A Visit of Charity

Last Updated: 26 Jan 2021
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Hope Biggs Character Analysis Paper Dr. Brookter January 22, 2013 No Charity, No Change Charity is defined as a voluntary giving of help and generosity especially towards the needy or suffering. This small simple word conveys a much bigger meaning, one of compassion and selflessness. In the story, “A Visit of Charity” the true act of charity seems to be missing. It is as if the main pieces of the puzzle are missing. The story has framework but lacks the compassion and selflessness needed to bring it to life. The reality is, charity never came to visit.

The story is about a young teenage girl, Marion, who in order to gain points for her Campfire Girl Club must visit the Old Ladies Home. By simply buying a potted plant and taking it to one of the residents, she gained three points but she can earn extra points for bringing her bible and reading it to the residents. Marion brings only a plant. (Welty 111) “A Visit of Charity” begins by describing the cold winter day and a description of the nursing home, “a whitewashed brick and reflected the winter sunlight like a block of ice” (Welty 111).

This description alone not only describes the buildings appearance but also is descriptive of the coldness and the lack of feeling for the elderly. Marion is no different. No thought was put into what might be helpful and useful for the residents, like toiletries, socks, or even food. Instead her only preparation for the visit was buying the potted plant. It is a clear indication of her selfishness and a reflection of a society that does not value its elderly. Her main concern is in getting points because she brings a potted plant.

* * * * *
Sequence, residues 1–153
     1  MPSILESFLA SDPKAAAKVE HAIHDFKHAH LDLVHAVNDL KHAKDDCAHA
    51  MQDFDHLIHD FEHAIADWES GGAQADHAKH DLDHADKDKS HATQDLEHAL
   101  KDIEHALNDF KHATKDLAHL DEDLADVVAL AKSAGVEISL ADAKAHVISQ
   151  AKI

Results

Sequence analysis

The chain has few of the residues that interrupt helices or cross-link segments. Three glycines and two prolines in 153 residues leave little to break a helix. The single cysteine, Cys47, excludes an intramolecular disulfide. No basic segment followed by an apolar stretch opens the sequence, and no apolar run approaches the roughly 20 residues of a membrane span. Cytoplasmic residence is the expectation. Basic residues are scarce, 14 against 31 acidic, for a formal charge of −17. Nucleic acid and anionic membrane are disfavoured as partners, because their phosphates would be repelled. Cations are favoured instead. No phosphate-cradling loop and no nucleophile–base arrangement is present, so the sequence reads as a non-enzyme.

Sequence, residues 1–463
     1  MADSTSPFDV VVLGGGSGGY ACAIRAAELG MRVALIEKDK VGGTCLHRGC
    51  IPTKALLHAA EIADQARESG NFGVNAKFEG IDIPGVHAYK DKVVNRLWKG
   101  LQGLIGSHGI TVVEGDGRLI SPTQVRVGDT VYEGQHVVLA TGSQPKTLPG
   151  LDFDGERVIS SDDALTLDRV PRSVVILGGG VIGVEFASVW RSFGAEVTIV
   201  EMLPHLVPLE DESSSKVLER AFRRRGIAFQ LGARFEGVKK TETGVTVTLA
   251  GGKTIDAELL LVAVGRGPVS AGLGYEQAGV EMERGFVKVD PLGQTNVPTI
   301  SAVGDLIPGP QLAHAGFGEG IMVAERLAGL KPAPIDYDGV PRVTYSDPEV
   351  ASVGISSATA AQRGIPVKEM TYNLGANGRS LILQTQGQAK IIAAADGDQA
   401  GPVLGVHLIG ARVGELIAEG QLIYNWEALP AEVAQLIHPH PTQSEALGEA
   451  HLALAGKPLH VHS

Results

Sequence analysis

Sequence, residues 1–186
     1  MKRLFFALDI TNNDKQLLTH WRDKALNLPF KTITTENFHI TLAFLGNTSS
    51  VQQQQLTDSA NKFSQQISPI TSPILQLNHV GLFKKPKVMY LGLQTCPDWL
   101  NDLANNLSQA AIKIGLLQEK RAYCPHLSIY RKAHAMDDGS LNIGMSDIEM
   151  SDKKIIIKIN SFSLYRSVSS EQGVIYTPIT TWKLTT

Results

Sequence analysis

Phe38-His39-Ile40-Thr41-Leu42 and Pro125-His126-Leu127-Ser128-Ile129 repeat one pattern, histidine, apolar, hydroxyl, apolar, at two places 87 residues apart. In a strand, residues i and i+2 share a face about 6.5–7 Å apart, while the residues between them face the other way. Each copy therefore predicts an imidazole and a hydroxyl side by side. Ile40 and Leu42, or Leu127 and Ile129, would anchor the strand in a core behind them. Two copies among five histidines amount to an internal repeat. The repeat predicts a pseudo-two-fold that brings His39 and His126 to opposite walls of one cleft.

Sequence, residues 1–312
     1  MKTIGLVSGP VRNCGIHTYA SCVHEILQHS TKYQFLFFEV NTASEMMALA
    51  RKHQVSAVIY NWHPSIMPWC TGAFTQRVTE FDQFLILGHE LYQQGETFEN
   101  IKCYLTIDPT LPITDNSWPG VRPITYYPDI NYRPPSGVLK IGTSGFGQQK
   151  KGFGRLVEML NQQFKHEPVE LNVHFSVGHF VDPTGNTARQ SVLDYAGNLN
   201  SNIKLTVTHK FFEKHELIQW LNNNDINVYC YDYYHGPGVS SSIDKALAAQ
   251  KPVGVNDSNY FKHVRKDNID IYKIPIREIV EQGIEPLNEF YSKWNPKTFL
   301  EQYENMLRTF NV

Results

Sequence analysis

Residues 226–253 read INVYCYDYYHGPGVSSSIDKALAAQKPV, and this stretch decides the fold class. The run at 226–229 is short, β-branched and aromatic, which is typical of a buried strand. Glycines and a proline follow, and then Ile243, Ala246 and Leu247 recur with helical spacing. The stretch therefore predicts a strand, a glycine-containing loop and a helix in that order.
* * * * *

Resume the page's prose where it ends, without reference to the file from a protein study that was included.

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No real thought is put into who to give it to or who might actually enjoy it. She receives more than she gives and this reveals a true character flaw in Marion. Repeatedly in this story she reveals a selfishness and lack of connectivity to anything or anyone that does not benefit her. This is evident when Marion tells the nurse, “I have to pay a visit to some old ladies” (Welty 111). And when she is asked if she knows any of them, Marion states, “no but that is, any of them will do” (Welty 111). The use of “some” and “any” are evidenced that she has no interest in where she is or whom she will meet.